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Identity Crisis

So I’ve been refreshing my Java skills, working through Deitel and Deitel’s “Java Standard Edition 8” training material. The first seven chapters have been pretty easy going, but I’ve been doing the usual – blowing out the simple coding examples so that they actually model the real world.

For example, when simulating shuffling a deck of cards, the sample code simply takes the entire deck from top to bottom, and swaps the next card with a random one below it. Of course this violates the way that a real shuffle works. In a real shuffle, the cards at the top of the two stacks of the cut end up closer to the top. So I wrote a random shuffle algorithm that simulates the cut, and merges the two by taking cards randomly from each stack until one is exhausted.

The next assignment is to capture some statistics on a set of test scores. It’s a pretty simply problem: minimum and maximum values and the average. But you know where that goes: at the end of the term, the scores for all the assignments have to be rolled up into some final grade. This seemed like an interesting problem – coming up with some general mechanism for aggregating scores into a final grade.

We all know how terms start: the teacher hands out a syllabus with a weighting for each element of the course work: homework, quizzes, mid-terms, papers and finals are typical elements. Each element is given an expected weighting to the final grade.

Of course, it never works out that way. Some midterms are harder than others, but each should contribute the same weight to the final grade. This is sometimes accomplished by weighting the test scores so that the averages are the same. And what if the students move through the material faster or slower than in prior years? Might they not complete more or less assignments than expected?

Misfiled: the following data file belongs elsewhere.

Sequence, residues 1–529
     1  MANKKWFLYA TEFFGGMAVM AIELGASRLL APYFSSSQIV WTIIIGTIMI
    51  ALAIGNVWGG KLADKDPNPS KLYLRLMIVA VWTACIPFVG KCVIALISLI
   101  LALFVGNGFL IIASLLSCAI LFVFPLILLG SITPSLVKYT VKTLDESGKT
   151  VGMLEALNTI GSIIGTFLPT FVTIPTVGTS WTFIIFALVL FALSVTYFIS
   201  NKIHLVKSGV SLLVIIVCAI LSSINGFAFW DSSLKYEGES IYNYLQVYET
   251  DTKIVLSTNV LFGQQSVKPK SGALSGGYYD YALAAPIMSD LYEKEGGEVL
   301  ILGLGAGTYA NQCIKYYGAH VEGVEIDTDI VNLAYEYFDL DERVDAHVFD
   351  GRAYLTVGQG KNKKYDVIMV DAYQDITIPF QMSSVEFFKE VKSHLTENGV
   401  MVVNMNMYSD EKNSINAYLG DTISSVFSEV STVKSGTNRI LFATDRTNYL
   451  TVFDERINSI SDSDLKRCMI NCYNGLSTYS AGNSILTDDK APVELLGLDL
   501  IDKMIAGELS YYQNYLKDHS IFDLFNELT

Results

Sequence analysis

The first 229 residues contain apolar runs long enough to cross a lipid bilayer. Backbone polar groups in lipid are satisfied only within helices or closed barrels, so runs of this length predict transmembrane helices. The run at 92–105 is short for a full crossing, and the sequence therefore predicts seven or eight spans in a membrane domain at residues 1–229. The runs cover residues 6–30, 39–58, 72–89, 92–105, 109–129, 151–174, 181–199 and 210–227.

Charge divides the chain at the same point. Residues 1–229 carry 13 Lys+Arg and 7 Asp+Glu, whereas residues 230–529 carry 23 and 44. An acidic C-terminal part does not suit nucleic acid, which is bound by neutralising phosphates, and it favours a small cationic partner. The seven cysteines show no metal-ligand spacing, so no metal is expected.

So this simple little fifty-line program became a ten module monster. I can’t entirely blame my son Gregory for the damage done by my interview with him on grading policies at the JC he’s attending. But he did bring up a really interesting point: nobody but the professor knows the actual assignment scores. She produces a final letter grade, and that’s all that the records office knows.

We were trying to decide how to model this, and came up with the idea of the professor having a grade book with a private set of identifiers that link back to the student records held by the registrar. After each assignment is graded, the instructor looks up the grade book ID for the student, and adds the grade to the book against that ID. At the end of the term, the professor combines the scores to produce a class curve, and assigns a letter grade for each interval in the distribution. In the end, then, no student knows how close they were to making the cut on the next letter grade, so nobody knows whether or not they have a right to appeal the final grade.

In my code model, therefore, I have two kinds of people: students and instructors. Now we normally identify people by their names – every time you fill out a form, that information goes on it. But sometimes names change.